Have you ever specified aluminium facade blades and asked yourself - is there a better way? Can I use the beauty of timber to create a facade that draws people in whilst enhancing the urban fabric? Can I be more conscious of sustainable material choices?
Aluminum releases 14.2kg of CO2 per 1 kg of aluminium produced whilst our Vulcan timber captures 1.0kg of CO2 per 1 kg of timber produced.
Clearly timber is the material of choice for our future. When we consider 1.0 lin.metre length of a typical facade blade size of 50mm x 250mm, aluminium will release 68.2kg of CO2 compared to our Vulcan which will capture 4.2kg of CO2.
By using more timber you avoid the release of unwanted CO2 and in fact make a contribution by removing CO2 from our atmosphere.
Designers have made extensive use of aluminium for its large section sizes, spanning capability and low maintenance however now, our Vulcan timber delivers equivalent performance with natural solid timber.
Vulcan timber blades are created from thermally modified New Zealand FSC® plantation pine and then engineered with a unique and patented lamination process.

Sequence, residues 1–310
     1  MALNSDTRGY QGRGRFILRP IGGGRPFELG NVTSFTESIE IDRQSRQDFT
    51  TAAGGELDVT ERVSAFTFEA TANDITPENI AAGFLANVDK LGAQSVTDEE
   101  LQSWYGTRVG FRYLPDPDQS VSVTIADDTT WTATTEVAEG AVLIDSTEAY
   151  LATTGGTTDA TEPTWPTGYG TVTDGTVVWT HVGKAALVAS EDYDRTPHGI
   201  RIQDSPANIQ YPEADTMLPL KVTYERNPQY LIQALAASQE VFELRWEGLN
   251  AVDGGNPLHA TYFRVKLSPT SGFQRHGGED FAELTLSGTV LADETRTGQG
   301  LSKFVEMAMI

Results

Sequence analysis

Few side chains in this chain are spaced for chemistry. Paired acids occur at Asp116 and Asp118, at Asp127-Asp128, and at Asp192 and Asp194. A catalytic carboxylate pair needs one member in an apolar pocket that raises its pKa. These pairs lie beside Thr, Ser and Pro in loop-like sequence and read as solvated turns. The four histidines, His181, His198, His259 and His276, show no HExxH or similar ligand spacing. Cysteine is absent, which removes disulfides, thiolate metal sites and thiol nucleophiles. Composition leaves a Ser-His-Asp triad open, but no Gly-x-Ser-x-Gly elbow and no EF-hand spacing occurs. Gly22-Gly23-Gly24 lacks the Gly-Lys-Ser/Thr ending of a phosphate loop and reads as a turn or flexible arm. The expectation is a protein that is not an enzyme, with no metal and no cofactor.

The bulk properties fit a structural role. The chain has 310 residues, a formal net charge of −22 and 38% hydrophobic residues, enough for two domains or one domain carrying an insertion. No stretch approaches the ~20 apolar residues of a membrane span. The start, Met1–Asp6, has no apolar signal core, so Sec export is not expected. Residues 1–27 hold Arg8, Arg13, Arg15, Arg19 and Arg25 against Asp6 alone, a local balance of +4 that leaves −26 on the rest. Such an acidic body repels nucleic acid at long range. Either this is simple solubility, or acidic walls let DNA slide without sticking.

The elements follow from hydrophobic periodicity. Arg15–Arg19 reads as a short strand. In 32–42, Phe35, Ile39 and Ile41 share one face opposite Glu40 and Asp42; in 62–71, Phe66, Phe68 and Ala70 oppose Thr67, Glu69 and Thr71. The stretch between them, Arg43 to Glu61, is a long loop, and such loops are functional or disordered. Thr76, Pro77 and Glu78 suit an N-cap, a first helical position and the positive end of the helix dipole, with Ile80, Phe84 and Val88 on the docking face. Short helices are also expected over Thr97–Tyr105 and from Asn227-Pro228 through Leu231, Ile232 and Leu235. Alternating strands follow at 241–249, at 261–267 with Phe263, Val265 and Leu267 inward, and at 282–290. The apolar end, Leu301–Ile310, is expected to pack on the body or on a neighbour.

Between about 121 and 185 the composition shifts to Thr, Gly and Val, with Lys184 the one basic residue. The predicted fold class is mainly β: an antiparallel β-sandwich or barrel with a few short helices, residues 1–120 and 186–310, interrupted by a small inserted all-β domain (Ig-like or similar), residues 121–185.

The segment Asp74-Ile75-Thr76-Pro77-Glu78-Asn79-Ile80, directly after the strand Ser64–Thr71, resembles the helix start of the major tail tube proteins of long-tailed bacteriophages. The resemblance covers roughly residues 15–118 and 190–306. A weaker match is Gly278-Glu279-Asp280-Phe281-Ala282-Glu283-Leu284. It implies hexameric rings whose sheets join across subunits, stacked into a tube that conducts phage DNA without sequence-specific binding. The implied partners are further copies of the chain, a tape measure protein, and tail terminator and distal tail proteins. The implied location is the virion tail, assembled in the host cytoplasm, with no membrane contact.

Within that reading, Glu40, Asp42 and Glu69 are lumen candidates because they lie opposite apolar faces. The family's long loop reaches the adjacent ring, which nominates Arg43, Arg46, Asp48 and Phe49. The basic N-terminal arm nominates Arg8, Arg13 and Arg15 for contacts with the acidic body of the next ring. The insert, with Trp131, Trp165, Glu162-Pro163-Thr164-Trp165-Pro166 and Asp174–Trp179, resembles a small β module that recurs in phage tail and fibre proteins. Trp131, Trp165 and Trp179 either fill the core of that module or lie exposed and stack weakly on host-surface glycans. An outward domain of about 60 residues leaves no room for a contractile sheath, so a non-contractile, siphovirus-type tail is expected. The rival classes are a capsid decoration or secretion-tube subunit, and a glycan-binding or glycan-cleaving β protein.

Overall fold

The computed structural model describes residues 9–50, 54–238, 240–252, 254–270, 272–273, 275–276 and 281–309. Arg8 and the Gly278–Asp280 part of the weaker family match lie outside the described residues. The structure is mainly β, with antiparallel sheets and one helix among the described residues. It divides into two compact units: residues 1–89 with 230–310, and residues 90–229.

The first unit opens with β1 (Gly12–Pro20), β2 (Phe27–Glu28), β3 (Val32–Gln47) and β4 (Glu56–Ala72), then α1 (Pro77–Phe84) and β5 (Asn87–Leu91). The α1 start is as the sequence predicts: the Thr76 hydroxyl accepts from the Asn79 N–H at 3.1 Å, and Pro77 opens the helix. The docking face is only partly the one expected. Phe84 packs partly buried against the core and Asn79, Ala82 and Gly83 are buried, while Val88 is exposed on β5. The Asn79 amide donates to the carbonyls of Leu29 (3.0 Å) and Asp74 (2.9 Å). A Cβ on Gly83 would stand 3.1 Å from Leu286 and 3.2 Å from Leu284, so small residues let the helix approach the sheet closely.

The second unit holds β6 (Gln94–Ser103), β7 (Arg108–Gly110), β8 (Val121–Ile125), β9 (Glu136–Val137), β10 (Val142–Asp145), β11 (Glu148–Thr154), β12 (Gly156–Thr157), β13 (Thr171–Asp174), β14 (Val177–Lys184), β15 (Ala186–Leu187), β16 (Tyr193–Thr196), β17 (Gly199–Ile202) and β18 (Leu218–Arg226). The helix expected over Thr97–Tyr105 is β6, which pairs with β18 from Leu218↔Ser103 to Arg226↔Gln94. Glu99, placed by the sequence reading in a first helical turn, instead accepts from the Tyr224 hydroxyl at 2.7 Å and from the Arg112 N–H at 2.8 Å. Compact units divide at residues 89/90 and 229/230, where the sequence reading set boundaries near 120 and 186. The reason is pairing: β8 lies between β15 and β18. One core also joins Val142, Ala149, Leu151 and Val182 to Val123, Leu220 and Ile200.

This combination means Vulcan solid timber blades have extraordinary stability and are available in larger than usual section sizes, giving you a whole new benchmark in design flexibility.
Timber is an organic material that will naturally weather to a silver colour when exposed directly to UV. By applying our specialised Sioo:x coating system an even silver patina across all faces of the timber can be achieved, thus avoiding irregular weathering across your project. Sioo:x will also improve the long term durability of the timber by keeping moisture out.
Sioo:x is a super low maintenance timber coating system because you/your client won’t have to consider a maintenance coat for at least 7-10 years. When a maintenance coat is applied, the appearance of the timber will be cleaned and refreshed for years to come.
Te Ara a Tāwhaki
Tennent Brown realised this striking facade by spanning our 88x42 timber battens up to 3.5 metres. The Te Ara a Tāwhaki criss cross pattern on the façade was designed to reflect traditional Māori flax weaving patterns.
Acting as sun shading, these second floor Vulcan timber blades are 175mm x 40mm in 3m lengths, clear span and were slotted from behind and chemically anchored onto a steel plate.
The luxury Betts Apartments are designed to address the street edge - using a variety of materials including timber screens and recessed balconies to break down the visual scale.